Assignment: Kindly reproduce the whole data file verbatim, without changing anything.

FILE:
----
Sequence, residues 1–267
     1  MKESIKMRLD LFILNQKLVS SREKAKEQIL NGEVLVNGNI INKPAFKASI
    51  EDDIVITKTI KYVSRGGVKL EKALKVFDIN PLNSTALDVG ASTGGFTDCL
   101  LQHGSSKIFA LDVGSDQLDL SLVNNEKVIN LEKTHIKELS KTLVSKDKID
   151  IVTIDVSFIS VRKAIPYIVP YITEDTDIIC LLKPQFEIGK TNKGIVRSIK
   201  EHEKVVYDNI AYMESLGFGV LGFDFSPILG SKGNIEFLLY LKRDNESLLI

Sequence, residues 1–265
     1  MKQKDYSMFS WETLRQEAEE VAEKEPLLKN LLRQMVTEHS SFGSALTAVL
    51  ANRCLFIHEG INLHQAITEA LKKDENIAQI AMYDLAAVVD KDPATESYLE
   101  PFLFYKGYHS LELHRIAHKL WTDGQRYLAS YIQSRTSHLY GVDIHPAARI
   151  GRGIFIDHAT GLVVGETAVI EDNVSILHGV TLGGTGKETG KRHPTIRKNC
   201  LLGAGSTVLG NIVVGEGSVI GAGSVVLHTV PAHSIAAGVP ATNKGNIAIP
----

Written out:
Sequence, residues 1–267
     1  MKESIKMRLD LFILNQKLVS SREKAKEQIL NGEVLVNGNI INKPAFKASI
    51  EDDIVITKTI KYVSRGGVKL EKALKVFDIN PLNSTALDVG ASTGGFTDCL
   101  LQHGSSKIFA LDVGSDQLDL SLVNNEKVIN LEKTHIKELS KTLVSKDKID
   151  IVTIDVSFIS VRKAIPYIVP YITEDTDIIC LLKPQFEIGK TNKGIVRSIK
   201  EHEKVVYDNI AYMESLGFGV LGFDFSPILG SKGNIEFLLY LKRDNESLLI

Sequence, residues 1–265
     1  MKQKDYSMFS WETLRQEAEE VAEKEPLLKN LLRQMVTEHS SFGSALTAVL
    51  ANRCLFIHEG INLHQAITEA LKKDENIAQI AMYDLAAVVD KDPATESYLE
   101  PFLFYKGYHS LELHRIAHKL WTDGQRYLAS YIQSRTSHLY GVDIHPAARI
   151  GRGIFIDHAT GLVVGETAVI EDNVSILHGV TLGGTGKETG KRHPTIRKNC
   201  LLGAGSTVLG NIVVGEGSVI GAGSVVLHTV PAHSIAAGVP ATNKGNIAIP